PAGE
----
Posted by: Mike Cornelius | October 10, 2010

Three Down, Eight To Go

It’s a lovely autumn evening in the Bronx on Saturday as I make my way from the 153rd Street Metro North train station toward the Stadium. On this Columbus Day weekend trip to the City, I’ve been utterly unable to find reasonably priced accommodations in Manhattan, so I am staying just north in Rye. No matter, one can get to the Stadium in any number of ways. While the #4 subway from Midtown East remains my route of choice, one can always take the B or D trains up the West Side, or drive (as I have a few times this season), or take a water taxi from two different embarkation points in Manhattan. Or this year for the first time one can ride the Metro North commuter rail from the Westchester and Connecticut suburbs to a brand new station right next to the site of the now-demolished old Stadium. It was an easy 30 minute train ride down through Mamaroneck, New Rochelle, and the various stops in the North Bronx. At each one the engineer reminded boarding passengers that this train would not be going to Grand Central, because this was the Yankee train!

Indeed it was, populated with fans clad in team garb hoping to see the local nine complete a sweep of the Twins to win the Division Series, the first round of the Great Game’s playoffs. As the Wild Card entrant into the post-season, the Yankees had to open play on the road. Twice in Minnesota they fell behind the Central Division champions. But twice they rallied, winning game one 6-4 behind a so-so performance by C. C. Sabathia, and game two 5-2 behind 7 strong innings by the beloved Andy Pettitte. So they come home to the Bronx with a chance to end this first round quickly and rest up for nearly a week before the League Championship Series gets underway.

On the mound will be the young Phil Hughes, making his first ever start in post-season play. In his first full season as a starter, the 24-year old Hughes has had a breakout year, going 18-8 and earning his first All-Star berth. Following a year in which he pitched out of the bullpen, the Yankees have been careful with Hughes down the stretch as his innings count mounted. But now that they are into the post-season, they will ride him as long as they can.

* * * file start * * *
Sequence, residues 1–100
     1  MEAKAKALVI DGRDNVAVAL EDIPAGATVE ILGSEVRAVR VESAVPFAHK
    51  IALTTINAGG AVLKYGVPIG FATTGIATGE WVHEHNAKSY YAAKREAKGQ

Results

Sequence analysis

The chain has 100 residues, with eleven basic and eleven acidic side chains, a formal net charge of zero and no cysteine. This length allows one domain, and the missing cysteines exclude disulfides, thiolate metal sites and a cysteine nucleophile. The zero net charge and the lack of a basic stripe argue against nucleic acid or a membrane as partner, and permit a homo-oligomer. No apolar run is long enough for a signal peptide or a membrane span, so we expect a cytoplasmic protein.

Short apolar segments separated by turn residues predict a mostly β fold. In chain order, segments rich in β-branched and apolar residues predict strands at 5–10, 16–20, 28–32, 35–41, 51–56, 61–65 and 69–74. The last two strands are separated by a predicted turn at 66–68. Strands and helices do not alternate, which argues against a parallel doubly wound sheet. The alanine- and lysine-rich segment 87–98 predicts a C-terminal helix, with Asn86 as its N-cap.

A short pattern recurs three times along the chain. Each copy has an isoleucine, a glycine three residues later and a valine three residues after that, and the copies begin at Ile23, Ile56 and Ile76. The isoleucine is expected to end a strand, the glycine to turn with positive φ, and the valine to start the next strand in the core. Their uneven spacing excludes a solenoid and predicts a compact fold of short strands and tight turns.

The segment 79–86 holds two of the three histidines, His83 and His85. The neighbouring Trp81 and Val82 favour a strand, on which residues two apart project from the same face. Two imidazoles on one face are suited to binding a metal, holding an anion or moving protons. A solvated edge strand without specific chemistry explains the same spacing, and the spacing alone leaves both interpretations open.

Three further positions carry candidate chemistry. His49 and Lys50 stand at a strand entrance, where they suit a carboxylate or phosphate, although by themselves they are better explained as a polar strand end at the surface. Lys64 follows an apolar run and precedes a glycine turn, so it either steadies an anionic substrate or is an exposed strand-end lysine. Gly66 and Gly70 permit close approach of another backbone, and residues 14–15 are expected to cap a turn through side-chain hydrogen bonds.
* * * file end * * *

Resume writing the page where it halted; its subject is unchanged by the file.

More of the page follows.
Just before the Yankees take the field the capacity crowd is treated to a reminder of Yankee greatness. Out of the dugout comes 85-year old Yogi Berra, owner of ten world championship rings, to throw out the first pitch. All present know that less than three months ago Berra was an unexpected no-show at the annual Old-Timer’s Day game, when he fell at his New Jersey home the day before. That was the same week that the Yankee Universe was subdued by the twin passing’s of public address announcer Bob Sheppard and owner George Steinbrenner III. For all of us in the stands, seeing Yogi walk unassisted out onto the playing surface and toss a strike (even if it’s from all of about 15 feet), is a moment of pure and simple joy.

Now at last the game is underway, and in the early going Phil Hughes is magnificent. From his first pitch, a 92-mile per hour fastball strike, he is ahead of the hitters. He goes through the Twins’ order flawlessly the first time through the lineup. He finally surrenders a single in the top of the fourth, but a double play means that through four frames he has faced the minimum 12 batters. In doing so he has thrown just 41 pitches.

Meanwhile the Yankee offense has begun to go to work against Twins starter Brian Deunsing. Second baseman Robinson Cano leads off the bottom of the second with a triple to deepest center field. One out later Jorge Posada notches his 41st post-season RBI with a single that plates Cano. An inning later right fielder Nick Swisher, coming off a career offensive season, doubles to left-center and scores when Mark Teixeira rips a bullet off the wall in left.

Then comes the last of the fourth. Cano opens by hitting a slow roller wide of the mound. A desperate dance ensues between Deunsing and the first and second basemen. In the end the toss to first is too late, and Cano is aboard. There is a comic moment at the expense of first base coach Mick Kelleher. The late toss to first base is missed, and catches Kelleher in a particularly unfortunate spot a bit below the belt. He goes down like a rock. But the throw wasn’t particularly hard, and he is up again in a moment or two, as the big screen in centerfield shows Cano, Twins first baseman Michael Cuddyer, and the Yankees trainer all grinning and trying hard not to laugh out loud.

The hoots turn to shouts of joy a moment later, as designated hitter Marcus Thames launches Deunsing’s offering into the bleachers in right for a two-run homer. The cheers are still echoing around the Stadium when next Curtis Granderson reaches, then steals second and races on to third as the throw skips into center field. When Brett Gardner lifts a fly to deep left, Granderson scampers home and the lead is now 5-0.

But all of that offense has taken nearly 30 minutes to unfold; and that can be a long time for a pitcher to sit. When Hughes comes back out, he has lost his early control. The hurler who needed just 41 pitches through four innings requires an additional 50 to make it through the next two. But while the Twins put two men on base in both innings, Hughes reaches within himself and ends the 5th on a strikeout and a popup and the 6th on a strikeout of Minnesota’s cleanup hitter. In the top of the 7th, no doubt knowing that his evening is coming to a close, he regains his earlier mastery and sets Minnesota down on just 8 pitches. As he leaves the mound we rise in a triumphant salute. Drawn-out chants of “Hughes” rain down on the young hurler in pinstripes.